Furthermore, worship of some famous Egyptian gods and goddesses like Isis, Amun and Horus grew so much that they began to incorporate the features and roles of other minor deities in the Egyptian pantheon. In some cases, those gods merged to become one colossal deity. For example, Amun, the creator god, merged with Ra, the sun god, to form Amun-Ra (or Amun-Re).
Over the course of its history, which spanned about 3,000 years, some ancient ancient Egyptian gods faded out while the characteristics of other deities evolved in order to keep up with the changing political and social landscape.
Other interesting facts about ancient Egyptian gods
Centuries before the first ancient Egyptian dynasties, the kind of religion that the Egyptians practised was primarily animistic one. It was from this pre-dynastic tradition that later Egyptian gods and goddesses came to be associated with animals. For example, the Nile god Sobek is often depicted as a crocodile; then there is the goddess Serket, who usually appears as a scorpion.
During the pre-dynastic period, deities of the Nile were seen as some of the most revered in Egypt as the Nile River was the lifeblood of the people. Deities like Aunket and Osiris played immense roles in the early Egyptian pantheons.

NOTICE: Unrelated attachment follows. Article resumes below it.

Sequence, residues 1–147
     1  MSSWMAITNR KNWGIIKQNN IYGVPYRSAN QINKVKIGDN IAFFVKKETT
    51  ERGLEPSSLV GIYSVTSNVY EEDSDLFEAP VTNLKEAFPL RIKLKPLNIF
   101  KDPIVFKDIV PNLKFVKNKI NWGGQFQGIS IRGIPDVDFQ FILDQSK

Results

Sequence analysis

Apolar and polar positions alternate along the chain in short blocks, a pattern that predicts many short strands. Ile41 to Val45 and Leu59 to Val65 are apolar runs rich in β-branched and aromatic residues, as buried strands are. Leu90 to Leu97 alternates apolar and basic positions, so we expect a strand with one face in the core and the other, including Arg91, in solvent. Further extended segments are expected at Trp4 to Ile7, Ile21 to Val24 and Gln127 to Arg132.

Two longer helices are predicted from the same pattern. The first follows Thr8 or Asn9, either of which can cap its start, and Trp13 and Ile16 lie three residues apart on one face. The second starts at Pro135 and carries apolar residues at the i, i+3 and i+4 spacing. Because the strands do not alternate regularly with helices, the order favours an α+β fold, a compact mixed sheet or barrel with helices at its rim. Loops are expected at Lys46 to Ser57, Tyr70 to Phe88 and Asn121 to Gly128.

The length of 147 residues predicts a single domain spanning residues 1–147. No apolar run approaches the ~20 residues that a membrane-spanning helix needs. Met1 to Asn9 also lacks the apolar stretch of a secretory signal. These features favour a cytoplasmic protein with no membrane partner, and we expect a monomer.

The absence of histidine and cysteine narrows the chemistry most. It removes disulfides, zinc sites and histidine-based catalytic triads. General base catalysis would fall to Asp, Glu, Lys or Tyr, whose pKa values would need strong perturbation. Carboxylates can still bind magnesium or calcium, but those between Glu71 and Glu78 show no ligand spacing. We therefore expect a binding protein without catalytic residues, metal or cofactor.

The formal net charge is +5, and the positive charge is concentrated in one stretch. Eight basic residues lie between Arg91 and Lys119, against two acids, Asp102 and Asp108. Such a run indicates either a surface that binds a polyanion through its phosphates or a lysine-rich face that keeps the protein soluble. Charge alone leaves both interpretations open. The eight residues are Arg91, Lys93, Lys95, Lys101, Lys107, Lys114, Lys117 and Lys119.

It’s been estimated that ancient Egypt had more than 1,600 deities in their pantheon over the course of its history.
Major Egyptian deities like Isis, Horus, Amun, Bastet, and Anubis were worshiped across the land of Egypt. That was in sharp contrast to minor Egyptian deities whose worship was confined to a particular region or district. In some cases, those minor deities were solely associated with a particular religious ritual or ceremony.
The Ennead is just one of the numerous groupings of ancient Egyptian gods. There are other groupings like the one from the city of Memphis, where Priests of Ptah consider the god Ptah to be superior to Atum. There is also the grouping of primordial Egyptian deities known as the Ogdoad.
Another point worth noting is the fact that ancient Egyptians were comfortable with having variations and different schools of religious thought when it came to explaining the creation of the universe. The two major theological thoughts that existed were the Memphite Creation Story and the Theban Creation story.
Often times, when a dynasty assumed the reins of power, it tried to promote in a biased manner a particular theological thought. This was evident when Theban rulers began (beginning around the Middle Kingdom era) to dominate the entire Egyptian landscape. With that came the elevation of many Theban deities to national prominence, particularly Amun (or Amun-Re).
Another very important point that ought to be mentioned has to do with the overlapping traits and characteristics of many Egyptian gods and goddesses. It was not uncommon for two deities to perform a similar role in the pantheon. Notable examples are the deities that were generally associated with the Eye of Ra. Those deities – Hathor, Sekhmet, Wadjet, and Bastet (or Bast) – were said to be closely associated with the sun god Ra. As such, they played quite a similar role in the pantheon, serving as protective deities of other Egyptian deities as well as the Egyptian rulers.